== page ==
I have sent our pitch deck to many investors for the advice and 70% of the feedback I have gotten is thumps-up, and 30% was more around the representation of the numbers. We have made those edits, as well as create a business plan.
We are working on a matrimonial app. We are positive that we would be able to release the beta in 90 days on iOS.
We have been approved by a couple of accelerators and incubators but they are very $costly and we need to go to their location.
We have been also lucky enough to accepted by the CoFounder Startup Accelerator program. Did anyone work with them in the near past and successfully able to land funding?
I am almost convinced that you have to be in Silicon Valley to raise big funds. I have hired a fundraising expert in valley and paid him $money but all he`s is doing lip service.
I also heard that lately investors/VCs are reluctant in investing Matrimonial/Dating App.
is it true?
David is right, it's unwise to hire someone promoting themselves as a fundraising expert. It's often an empty promise. A record of past success is absolutely no indication of future success. Your conditions are entirely different than another company, therefore your results will be entirely different. There's no one who knows your company better than you do.
As for CFL Accelerator, it is not a traditional accelerator program. Accelerators are typically investors in established businesses. They do not help startups. They do not help companies that don't already have customers and revenue from products. They put their own money in and assist with more rapid growth, usually because they've identified one thing that is a roadblock that they know they're talented at breaking through.
CFL's accelerator program is a more efficient way to acquire knowledge about how to wrangle your startup, but it doesn't invest in your company, it doesn't offer a path to funding, and it is available to anyone regardless of the strength of your plan, if you have customers, or if your product is ready. It is literally intended to accelerate the pace at which you move forward through the standard steps of developing your business, but it is not the same as what the rest of the world considers an accelerator (a special subset of incubators).
Yes, incubators and accelerators usually expect you to locate your business where they are. Either they have local incentives, or their experts are local, or real estate is part of the deal. These are positives, and those programs are not right for everyone. At the same time, picking up and moving in can be the kind of concentration that a business needs, especially when it's been rag-tag and virtual. Being face-to-face with everyone does move things more rapidly and causes problems to be resolved more quickly.
Good luck. I see you here often. I am still disappointed that you work on building your product before building your marketing strategy, but one of these times you'll get a hit. I'm glad you keep trying. Perhaps consider business plans that make their own money, not rely on investors, for your next attempt. How would you build your business differently if you knew from the start you would never get any outside money? That should help you build a much stronger foundation for your business.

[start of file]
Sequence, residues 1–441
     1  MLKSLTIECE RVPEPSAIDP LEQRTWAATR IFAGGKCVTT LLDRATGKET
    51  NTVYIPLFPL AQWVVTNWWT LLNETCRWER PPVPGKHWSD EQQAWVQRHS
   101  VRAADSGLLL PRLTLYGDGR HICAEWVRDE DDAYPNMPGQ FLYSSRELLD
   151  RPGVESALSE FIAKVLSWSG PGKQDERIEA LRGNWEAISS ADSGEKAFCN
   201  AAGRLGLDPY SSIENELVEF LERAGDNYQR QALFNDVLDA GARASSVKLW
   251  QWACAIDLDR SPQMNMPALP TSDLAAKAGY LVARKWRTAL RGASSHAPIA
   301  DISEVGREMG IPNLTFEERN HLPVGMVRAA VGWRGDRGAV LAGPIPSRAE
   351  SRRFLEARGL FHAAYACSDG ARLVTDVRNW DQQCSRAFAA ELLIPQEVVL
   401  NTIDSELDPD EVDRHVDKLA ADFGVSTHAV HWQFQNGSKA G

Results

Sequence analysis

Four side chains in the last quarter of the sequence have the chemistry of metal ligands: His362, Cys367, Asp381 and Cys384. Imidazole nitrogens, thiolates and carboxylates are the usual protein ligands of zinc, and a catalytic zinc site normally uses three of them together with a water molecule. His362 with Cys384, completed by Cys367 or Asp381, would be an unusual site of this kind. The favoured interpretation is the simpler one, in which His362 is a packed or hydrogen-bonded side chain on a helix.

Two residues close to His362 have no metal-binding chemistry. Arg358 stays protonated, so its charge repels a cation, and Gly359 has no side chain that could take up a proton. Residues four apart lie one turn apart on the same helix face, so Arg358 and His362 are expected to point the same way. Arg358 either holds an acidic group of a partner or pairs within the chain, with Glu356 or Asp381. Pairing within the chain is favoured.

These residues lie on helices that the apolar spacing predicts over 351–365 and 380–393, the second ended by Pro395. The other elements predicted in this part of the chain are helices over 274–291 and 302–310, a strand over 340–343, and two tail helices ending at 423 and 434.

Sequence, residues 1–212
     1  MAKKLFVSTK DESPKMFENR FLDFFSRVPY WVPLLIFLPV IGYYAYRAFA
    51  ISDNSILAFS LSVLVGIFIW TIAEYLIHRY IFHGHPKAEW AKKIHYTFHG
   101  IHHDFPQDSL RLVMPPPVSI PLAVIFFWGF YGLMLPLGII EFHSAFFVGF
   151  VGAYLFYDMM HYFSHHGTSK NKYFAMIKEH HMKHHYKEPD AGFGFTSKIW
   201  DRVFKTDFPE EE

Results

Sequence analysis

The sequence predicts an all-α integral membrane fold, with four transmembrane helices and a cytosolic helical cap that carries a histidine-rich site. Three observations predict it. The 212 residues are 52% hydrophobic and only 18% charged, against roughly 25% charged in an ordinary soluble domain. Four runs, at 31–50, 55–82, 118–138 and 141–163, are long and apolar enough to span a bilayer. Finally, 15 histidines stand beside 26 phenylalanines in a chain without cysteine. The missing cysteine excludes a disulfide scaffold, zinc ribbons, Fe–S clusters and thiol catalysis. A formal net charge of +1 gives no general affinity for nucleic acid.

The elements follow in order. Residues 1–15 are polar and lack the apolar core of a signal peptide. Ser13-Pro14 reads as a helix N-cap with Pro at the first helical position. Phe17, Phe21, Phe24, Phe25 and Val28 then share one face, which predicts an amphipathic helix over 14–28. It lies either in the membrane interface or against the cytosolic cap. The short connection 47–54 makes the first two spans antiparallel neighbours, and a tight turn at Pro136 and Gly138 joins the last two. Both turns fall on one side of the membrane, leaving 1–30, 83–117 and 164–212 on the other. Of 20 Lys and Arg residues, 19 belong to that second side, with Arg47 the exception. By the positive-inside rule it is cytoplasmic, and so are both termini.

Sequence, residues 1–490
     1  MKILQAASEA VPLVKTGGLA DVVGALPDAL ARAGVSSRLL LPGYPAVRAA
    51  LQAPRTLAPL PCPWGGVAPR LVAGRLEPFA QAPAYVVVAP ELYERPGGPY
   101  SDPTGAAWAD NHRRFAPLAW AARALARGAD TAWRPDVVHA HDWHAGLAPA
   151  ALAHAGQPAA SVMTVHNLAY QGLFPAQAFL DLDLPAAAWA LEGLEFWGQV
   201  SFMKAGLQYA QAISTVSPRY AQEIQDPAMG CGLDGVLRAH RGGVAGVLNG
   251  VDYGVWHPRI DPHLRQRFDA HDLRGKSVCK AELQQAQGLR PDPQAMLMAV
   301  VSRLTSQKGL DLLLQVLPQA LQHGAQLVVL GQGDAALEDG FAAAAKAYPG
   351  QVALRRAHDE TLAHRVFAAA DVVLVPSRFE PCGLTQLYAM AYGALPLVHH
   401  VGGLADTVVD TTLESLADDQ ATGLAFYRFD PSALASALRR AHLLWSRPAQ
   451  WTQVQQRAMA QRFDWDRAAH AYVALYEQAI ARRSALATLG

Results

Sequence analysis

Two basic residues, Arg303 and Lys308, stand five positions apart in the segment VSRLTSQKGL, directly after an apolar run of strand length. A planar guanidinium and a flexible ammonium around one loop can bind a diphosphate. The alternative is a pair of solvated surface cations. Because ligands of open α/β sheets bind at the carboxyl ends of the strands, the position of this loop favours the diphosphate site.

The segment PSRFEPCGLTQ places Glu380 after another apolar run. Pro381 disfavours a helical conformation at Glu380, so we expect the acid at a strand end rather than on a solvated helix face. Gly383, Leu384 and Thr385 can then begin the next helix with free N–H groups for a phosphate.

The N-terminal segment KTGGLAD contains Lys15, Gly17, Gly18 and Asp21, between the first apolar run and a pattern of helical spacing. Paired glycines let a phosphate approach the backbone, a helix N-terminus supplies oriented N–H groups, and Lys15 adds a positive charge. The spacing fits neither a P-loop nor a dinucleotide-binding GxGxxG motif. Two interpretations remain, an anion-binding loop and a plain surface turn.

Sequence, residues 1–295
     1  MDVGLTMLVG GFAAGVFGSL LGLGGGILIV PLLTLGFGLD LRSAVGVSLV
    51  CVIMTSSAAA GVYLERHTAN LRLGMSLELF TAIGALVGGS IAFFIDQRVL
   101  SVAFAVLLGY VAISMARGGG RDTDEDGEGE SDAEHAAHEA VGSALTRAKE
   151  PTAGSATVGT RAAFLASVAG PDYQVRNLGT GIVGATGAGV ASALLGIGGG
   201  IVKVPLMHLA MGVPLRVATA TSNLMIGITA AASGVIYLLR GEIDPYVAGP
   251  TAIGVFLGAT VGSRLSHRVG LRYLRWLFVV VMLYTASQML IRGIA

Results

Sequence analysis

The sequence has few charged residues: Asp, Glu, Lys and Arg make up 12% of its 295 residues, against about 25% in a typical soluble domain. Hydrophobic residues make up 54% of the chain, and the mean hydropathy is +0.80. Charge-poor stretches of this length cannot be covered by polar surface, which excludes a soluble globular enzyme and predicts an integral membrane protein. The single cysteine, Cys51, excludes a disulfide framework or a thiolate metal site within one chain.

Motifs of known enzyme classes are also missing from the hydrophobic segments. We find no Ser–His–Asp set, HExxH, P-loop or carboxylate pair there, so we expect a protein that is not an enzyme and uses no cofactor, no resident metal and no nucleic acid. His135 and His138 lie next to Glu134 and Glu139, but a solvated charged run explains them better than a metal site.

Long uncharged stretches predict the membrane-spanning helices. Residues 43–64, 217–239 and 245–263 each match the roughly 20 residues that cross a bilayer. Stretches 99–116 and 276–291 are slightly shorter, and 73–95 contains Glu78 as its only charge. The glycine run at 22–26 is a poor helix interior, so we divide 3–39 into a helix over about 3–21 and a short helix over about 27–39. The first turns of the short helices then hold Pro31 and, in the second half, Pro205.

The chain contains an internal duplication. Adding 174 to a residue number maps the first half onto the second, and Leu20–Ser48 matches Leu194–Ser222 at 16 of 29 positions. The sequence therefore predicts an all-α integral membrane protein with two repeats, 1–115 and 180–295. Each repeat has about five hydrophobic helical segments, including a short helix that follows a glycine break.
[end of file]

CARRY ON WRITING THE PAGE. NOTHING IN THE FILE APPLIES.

Saquib, no you are wrong. I have started companies on all types of budgets. With regard to the individual, who cares how much he has raised... Get a contract with deliverables. Put it in writing. You never pay someone to look for funding. Don't beat yourself up. I have seen a lot of people make that mistake to my absolute shock. It happens though. Paul alludes to my same perception of you. You seem all over the map and to be throwing half executed ideas, and a lot of them at a board and hoping something sticks. You seem to be passionate about entrepreneurship...but you appear to lack focus. There is nothing noble about having so many ideas and projects that you can't get traction. Don't get caught in the false glamour of "serial entrepreneur" which in itself is a bogus term anyway. Focus on one project and actually develop it fully and thoroughly before jumping to the next...at least give it a try.
Saquib, I like the concept, would you be able to connect with me when possible?
You never pay a "fundraising expert." Legit people who raise funds collect compensation when they deliver. You seriously need someone to guide you with your businesses. I have read these posts over the years and you continually seem to be making rookie mistakes. There is nothing wrong with that the first few times. After a while though it does not put forth a good image.
@ Gregory - here`s the website http://www.muslimbetterhalf.com/
@David - We all learn from others and our own mistakes - If someone showed you, and verify that he has raised $1.5M dollars for his startup, and assured you that he can raise funds for your idea with promise of returning $money- what would you do?
I guess you will be okay to take the risk since he is not asking a hefty per hour rate without a face value.
That being said, making mistakes is a part of learning! I am guessing, you never ran a startup with shoestring budget and put hard earn $money. You miserably failed due to whatever reasons but yet you stand-up with the same passion and belly in your fire to make your next idea better - it takes a lot of courage and guts!
I am proud of making mistakes and I will continue to make and learn from them!
Have a blessed weekend, all!
My favorite thing about startups is that they don't require anyone's permission- Brad Feld
Great advice @David
Saquib, are you sure you need to raise significant funds rights now? Have you considered a bootstrap model to get your product built with minimal funds and then start generating early revenue to prove the concept and market viability? There’s a lot that can be done with very little money. It’s hard work but it’s doable.